- The Washington Times - Wednesday, September 6, 2006

TUCSON, Ariz. — They gulp chardonnay, eat cheeseburgers and fries, and stay up past 10 p.m. Sometimes they play dress up, and have pajama parties with champagne and strawberries.

This is not your ordinary beauty pageant. The title of Mrs. America will go to one lucky housewife here tonight, and stick-thin, cello-playing, Vaseline-lipped, breast-taped babes need not apply.

“We’re all adults,” Brenda Cullen — Mrs. District of Columbia and the mother of six — said over lunch. The 38-year-old petite blonde, who works as a personal trainer and is married to an internist/pediatrician in Washington, added, “You don’t need a talent. Which is a good thing. I would have to be doing a liturgical dance.”

The Mrs. America Organization is celebrating its 30th anniversary. The show started in Las Vegas, and according to David Marmel, president of Mrs. America Inc., “It began because no one allowed married women” to compete in other beauty contests. “I saw that there were beautiful married women so I created it.”

Not to be confused with the prizes on Miss America, Mrs. America wins a Hyundai car, some jewelry, a diamond watch and a shearling coat. The show will be televised Sept. 23 on WE, the Women’s Entertainment cable network. There are 51 contestants, aged 23 to 44, and most have children.

There are no rules, except show up on time and wear your state banner in public. Their husbands can be spotted in baseball caps wandering the carpeted halls of the Loews Ventana Canyon Resort, drinks in hand. Parents have shown up, in casual polyester, carrying takeout to their rooms past the giant cactus.

“It’s not about beauty,” Mr. Marmel said. “Their talent is juggling babies, home and careers all at once.”

Down the hall, Mrs. Nebraska is chasing her naked toddler, who just removed his diaper.

“It’s been pretty surreal,” said 31-year-old Erica Kirwan, Mrs. Virginia. “We did a scavenger hunt, and it was funny. My roommate took a shot of tequila, jumped in the pool and jumped back out.”

Professional pageantgoers rub elbows with newbies here.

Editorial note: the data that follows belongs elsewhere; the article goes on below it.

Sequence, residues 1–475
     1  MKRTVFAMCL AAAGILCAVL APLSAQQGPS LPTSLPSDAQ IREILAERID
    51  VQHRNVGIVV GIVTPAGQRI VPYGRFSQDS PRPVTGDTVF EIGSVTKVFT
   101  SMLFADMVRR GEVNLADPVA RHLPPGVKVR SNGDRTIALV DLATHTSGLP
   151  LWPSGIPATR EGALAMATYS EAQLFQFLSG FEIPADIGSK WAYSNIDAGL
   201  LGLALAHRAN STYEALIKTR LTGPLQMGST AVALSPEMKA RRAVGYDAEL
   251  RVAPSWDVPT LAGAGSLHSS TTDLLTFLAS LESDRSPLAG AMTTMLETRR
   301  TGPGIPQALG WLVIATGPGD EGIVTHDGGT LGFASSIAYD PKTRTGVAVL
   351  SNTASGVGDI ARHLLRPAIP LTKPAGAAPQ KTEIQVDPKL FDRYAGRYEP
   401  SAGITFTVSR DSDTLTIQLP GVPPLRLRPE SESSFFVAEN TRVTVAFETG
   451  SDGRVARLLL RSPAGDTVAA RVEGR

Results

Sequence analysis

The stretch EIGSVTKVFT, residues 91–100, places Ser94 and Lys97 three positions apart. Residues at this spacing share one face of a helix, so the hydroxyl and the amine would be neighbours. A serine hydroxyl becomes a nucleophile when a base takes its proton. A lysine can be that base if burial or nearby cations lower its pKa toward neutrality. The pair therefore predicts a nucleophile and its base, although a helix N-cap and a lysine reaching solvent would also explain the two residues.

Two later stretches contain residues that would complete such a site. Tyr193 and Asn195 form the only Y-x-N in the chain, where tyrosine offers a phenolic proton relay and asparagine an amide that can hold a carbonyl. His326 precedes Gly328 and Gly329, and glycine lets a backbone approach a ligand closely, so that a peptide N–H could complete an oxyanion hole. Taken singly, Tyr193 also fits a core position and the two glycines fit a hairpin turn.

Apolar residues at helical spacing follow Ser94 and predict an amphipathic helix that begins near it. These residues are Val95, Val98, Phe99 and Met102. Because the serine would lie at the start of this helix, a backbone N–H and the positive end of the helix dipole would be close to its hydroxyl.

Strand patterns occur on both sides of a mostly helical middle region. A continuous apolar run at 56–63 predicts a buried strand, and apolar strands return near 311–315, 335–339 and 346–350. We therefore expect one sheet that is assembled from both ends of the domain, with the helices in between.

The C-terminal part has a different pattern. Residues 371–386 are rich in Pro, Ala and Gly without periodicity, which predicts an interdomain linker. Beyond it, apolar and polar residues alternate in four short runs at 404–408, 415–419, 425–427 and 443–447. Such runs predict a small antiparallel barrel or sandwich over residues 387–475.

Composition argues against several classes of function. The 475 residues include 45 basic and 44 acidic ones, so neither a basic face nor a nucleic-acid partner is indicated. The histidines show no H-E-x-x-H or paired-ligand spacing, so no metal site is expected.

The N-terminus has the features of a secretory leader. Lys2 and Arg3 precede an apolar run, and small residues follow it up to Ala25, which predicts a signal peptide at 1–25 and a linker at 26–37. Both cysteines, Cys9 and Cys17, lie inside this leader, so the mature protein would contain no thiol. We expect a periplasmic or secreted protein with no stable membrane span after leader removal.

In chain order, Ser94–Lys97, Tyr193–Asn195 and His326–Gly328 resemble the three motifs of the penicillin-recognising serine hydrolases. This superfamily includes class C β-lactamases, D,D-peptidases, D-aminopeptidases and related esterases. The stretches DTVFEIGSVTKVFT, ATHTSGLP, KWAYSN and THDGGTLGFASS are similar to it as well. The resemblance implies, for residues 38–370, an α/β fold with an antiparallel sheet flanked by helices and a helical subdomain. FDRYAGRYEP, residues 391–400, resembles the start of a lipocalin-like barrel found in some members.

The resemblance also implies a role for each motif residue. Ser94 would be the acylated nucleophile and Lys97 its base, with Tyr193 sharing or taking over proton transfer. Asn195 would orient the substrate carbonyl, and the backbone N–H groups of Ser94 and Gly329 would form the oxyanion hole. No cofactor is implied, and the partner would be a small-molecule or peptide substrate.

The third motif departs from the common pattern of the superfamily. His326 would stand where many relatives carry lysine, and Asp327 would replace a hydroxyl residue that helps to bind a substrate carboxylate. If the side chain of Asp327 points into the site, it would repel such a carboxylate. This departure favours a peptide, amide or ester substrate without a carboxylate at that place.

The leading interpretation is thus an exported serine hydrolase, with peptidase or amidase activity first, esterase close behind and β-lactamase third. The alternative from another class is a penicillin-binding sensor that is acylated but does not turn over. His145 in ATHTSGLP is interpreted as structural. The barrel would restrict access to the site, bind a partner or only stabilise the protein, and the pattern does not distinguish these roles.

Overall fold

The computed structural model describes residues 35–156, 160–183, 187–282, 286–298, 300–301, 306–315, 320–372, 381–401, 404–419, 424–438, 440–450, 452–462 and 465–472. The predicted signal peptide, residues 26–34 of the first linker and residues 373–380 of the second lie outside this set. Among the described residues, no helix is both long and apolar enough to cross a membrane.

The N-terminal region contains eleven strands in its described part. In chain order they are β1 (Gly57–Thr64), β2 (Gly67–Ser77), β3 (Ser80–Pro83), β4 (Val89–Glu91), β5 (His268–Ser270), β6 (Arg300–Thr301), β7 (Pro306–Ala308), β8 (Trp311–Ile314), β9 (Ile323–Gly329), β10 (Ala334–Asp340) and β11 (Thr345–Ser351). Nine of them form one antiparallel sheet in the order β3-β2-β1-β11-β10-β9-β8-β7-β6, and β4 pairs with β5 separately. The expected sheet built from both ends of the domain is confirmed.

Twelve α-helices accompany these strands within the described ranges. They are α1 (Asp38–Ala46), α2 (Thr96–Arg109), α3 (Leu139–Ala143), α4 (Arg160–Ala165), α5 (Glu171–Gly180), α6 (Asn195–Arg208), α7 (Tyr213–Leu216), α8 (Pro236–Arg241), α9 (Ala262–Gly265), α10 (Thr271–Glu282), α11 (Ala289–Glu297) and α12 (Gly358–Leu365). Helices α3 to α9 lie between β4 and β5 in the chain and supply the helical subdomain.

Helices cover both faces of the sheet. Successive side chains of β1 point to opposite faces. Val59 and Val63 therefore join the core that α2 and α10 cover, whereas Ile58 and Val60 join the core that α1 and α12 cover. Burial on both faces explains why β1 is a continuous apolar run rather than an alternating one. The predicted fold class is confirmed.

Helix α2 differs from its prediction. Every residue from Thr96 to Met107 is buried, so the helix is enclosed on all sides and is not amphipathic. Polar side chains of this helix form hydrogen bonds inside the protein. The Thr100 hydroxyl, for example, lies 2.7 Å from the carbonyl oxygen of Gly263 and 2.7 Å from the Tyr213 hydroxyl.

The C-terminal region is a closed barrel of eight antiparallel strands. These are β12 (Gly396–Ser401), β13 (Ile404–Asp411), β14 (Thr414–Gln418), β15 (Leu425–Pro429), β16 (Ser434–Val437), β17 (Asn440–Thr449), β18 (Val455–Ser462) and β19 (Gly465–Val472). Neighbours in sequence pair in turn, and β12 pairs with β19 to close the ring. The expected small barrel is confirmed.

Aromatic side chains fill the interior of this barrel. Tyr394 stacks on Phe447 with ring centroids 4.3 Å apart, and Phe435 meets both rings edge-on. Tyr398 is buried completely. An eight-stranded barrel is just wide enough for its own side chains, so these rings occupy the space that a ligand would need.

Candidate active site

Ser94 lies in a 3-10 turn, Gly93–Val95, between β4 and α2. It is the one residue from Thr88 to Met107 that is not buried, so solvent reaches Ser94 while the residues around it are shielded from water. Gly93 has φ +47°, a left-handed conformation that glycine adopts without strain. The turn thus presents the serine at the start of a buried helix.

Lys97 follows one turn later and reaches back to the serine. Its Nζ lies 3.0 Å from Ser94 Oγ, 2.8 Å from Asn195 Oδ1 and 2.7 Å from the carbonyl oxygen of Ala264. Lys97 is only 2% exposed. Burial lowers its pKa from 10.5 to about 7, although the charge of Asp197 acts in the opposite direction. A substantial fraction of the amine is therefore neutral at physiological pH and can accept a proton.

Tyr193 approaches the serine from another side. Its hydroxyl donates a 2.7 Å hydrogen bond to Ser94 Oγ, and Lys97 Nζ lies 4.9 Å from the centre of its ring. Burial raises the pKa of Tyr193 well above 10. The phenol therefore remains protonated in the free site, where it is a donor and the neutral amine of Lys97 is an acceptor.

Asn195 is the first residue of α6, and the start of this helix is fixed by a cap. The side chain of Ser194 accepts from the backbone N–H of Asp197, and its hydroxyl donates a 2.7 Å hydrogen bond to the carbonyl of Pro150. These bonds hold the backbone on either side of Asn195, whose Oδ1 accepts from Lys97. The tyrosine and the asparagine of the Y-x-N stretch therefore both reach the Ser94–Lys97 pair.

“Some of these women have done this before. I’m an amateur,” said Patty Markos, a stunning 33-year-old hairdresser from Silver Spring. She said she entered the Mrs. Maryland pageant as a result of an early midlife crisis.

“I had never heard of ‘Mrs. [pageants]’ before. It was too funny to me,” said the mother of a 6-year-old boy and a 4-year-old girl. “We do costumes [at Mrs. America], and I was in the top ten, which I didn’t expect.”

Her costume is titled “The Dawn’s Early Light,” for which the tall and willowy woman has a billowy floor-length battery-operated light-up skirt to represent bombs bursting in air.

“I’m so worried the batteries will die before the final show. You squeeze them to light up,” she said.

The women say they have totally bonded, with Mrs. Congeniality (Mrs. Nevada) reportedly spending her time complimenting the other women on their hair.

“There’s none of that cattiness you find with younger, insecure women. We have other things to go home for. It’s not like this is it for us,” Mrs. Markos said. And yes, she says, the women have been enjoying the buffets. “I’ve been pigging out.”

Mrs. Kirwan said she works out, but is not a fanatic.

“By the time you’re a little bit older, you’re not going to starve yourself,” said Mrs. Kirwan, a Capitol One employee from Richmond, adding that “there are lot of accomplished, articulate women here.”

On Tuesday, the reigning Mrs. World arrived. She is Sofya Arzhakovskaya, a 19-year-old brunette from Moscow who will appear on the show. The statuesque former ballerina is married to Russian businessman Sergei Veremeenko. The women love her. Indeed, there’s not a tinge of envy.

“I think by the time you’re married and parenting children, you know exactly who you are,” Mrs. Kirwan said. “Your life isn’t going to fall apart if you don’t win Mrs. America.”

As far as talent, she mused, “By the time you’re married and have children, that’s your talent.”



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